Before she found love and happiness with the woman of her dreams, Portia spent years living a secret life. A closeted lesbian, she says she was terrified of being outed. She was also waging a vicious battle with an eating disorder. At rock bottom, she starved herself down to 82 pounds. Her book lays everything bare, and this from a woman who, though she had achieved fame, fought so fiercely to achieve perfect privacy that she lied about almost every aspect of her life not only to the press and her co-workers, but to her family and friends as well. Already emotionally fragile, with her  self-esteem rigidly tied to her body weight and the size of her thighs, she increased the stakes by convincing herself that in order to maintain her career in Hollywood and escape a brutal life of  mediocrity, she had to both stay in the closet and shrink down in size. This idea that she had to keep up the facade isolated her, consumed her every waking moment, and made her extremely ill.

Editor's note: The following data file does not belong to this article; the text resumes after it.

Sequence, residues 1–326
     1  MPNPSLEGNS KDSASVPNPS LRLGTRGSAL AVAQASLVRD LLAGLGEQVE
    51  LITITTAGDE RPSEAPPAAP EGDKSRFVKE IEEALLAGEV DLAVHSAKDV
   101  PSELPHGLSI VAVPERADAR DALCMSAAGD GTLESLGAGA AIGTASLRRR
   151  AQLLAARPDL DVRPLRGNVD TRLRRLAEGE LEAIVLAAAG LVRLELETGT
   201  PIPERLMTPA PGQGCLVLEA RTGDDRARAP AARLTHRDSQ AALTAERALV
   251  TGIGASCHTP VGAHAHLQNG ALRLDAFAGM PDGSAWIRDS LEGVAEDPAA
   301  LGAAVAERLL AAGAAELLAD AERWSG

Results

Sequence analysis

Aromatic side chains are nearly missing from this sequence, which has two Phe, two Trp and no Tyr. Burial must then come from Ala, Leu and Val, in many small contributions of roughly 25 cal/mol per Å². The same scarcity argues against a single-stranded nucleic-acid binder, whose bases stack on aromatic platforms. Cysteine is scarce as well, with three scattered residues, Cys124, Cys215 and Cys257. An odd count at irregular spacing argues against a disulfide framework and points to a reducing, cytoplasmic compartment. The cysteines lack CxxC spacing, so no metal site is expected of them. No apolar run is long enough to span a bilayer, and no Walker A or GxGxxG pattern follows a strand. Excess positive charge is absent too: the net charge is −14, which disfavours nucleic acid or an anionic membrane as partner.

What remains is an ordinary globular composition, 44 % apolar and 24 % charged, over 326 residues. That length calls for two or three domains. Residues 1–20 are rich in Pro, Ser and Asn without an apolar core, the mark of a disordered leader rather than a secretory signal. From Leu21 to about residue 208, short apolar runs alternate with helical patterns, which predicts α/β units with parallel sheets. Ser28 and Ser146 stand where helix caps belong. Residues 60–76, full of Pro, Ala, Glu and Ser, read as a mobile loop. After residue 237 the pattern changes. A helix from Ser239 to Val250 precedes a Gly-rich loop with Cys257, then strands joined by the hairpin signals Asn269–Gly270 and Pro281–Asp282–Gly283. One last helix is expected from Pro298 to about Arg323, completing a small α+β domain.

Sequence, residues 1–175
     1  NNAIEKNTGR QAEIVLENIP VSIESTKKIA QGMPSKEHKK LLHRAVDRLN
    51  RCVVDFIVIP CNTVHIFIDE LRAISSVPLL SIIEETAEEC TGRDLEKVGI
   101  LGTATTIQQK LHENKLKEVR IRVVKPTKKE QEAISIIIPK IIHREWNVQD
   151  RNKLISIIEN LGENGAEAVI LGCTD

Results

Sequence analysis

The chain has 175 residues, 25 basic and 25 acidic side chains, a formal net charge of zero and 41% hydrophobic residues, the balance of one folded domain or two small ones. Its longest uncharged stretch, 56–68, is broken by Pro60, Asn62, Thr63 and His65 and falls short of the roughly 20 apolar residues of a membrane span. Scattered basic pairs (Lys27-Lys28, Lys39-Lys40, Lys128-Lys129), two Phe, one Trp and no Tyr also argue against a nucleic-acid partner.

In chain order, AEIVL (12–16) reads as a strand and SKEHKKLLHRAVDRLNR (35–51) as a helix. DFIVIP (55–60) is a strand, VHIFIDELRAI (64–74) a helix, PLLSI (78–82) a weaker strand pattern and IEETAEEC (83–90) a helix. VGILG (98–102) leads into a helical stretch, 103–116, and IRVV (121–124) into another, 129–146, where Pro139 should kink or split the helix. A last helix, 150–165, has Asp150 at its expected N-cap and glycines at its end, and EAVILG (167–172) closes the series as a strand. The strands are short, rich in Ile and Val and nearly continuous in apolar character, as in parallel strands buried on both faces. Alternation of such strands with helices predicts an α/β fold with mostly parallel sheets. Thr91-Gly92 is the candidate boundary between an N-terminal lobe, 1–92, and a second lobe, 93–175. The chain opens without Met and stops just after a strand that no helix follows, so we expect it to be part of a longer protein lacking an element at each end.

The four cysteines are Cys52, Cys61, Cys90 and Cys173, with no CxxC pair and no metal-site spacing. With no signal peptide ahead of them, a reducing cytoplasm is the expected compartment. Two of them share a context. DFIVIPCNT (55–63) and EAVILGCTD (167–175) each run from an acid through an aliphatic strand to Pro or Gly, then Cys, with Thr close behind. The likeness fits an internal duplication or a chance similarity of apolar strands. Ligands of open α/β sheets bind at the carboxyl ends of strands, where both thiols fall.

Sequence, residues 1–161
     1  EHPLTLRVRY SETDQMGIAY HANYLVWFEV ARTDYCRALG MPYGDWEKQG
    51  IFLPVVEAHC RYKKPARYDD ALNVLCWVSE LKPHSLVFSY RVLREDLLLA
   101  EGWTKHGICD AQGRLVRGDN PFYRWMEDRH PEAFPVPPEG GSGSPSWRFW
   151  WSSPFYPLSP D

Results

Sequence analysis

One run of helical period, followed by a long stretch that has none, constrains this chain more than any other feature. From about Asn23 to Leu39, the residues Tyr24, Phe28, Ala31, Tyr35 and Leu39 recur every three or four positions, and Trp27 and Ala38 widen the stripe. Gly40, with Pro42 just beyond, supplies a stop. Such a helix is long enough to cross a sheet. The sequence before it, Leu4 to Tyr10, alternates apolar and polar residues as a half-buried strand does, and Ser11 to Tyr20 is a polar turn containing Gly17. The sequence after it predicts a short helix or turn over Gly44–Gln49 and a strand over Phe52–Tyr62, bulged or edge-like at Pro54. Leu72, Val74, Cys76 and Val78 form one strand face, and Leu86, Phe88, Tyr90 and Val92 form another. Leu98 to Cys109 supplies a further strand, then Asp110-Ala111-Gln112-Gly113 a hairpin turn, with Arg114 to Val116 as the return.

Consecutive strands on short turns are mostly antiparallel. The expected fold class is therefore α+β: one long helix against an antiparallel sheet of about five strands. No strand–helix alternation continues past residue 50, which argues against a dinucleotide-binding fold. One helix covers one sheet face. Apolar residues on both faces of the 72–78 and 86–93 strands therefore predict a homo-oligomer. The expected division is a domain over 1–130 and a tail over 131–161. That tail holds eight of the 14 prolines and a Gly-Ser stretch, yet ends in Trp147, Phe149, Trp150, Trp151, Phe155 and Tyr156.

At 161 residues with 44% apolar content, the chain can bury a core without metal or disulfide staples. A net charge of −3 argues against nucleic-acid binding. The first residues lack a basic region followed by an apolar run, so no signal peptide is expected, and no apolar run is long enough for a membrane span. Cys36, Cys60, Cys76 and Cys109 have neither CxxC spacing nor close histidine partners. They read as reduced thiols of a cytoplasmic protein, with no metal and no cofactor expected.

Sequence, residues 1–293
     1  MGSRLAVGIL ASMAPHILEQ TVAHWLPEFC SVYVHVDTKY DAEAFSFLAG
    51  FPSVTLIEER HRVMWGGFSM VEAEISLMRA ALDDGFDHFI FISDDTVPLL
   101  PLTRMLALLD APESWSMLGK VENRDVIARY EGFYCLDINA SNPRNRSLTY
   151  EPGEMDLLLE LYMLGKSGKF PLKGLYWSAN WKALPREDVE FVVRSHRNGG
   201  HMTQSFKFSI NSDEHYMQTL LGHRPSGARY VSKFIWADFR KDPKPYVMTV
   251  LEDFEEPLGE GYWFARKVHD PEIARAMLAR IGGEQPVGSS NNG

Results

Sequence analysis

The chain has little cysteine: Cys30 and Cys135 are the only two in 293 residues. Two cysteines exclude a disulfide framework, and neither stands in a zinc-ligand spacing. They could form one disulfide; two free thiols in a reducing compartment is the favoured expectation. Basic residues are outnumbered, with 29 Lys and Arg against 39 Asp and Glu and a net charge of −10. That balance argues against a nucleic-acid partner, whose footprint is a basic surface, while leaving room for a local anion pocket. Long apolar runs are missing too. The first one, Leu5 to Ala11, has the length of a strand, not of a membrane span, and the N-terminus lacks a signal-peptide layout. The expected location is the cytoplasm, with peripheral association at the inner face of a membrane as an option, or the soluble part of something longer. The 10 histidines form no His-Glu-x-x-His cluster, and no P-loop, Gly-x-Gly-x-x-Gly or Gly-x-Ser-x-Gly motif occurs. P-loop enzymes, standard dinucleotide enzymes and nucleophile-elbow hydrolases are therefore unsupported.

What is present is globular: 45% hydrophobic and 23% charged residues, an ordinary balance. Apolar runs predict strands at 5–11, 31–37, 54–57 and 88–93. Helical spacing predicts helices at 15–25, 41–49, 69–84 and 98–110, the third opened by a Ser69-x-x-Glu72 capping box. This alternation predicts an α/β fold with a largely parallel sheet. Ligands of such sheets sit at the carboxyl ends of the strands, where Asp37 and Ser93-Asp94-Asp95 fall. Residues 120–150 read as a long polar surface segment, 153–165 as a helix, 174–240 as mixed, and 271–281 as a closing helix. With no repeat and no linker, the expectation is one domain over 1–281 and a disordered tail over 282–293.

I’ve poured over the pages of many books about eating disorders and body image throughout the years, but I found this one to be a particularly emotional read for me. Body image is something that I ferociously struggle with. I’ve allowed my body to be the target of some of my harshest judgments and at times, even the barometer by which I have measured my self worth. I wish I didn’t do this. I especially wish that at 30 years old, I wasn’t still hung up on it to some degree. I am well aware that my body does not define me and shouldn’t, yet in my own head I have often let it.

Portia’s voice in Unbearable Lightness shares the most honest, candid account of the toll a tyrannical body image can exact. She articulates the thoughts and behaviours of someone battling an eating disorder in a  raw and insightful way.  Portia has said that she did not want to write the book from the perspective of a healthy person talking about their eating disorder in the past tense. Brutally honest and at times graphic, she says the book is written from the perspective of the sick person.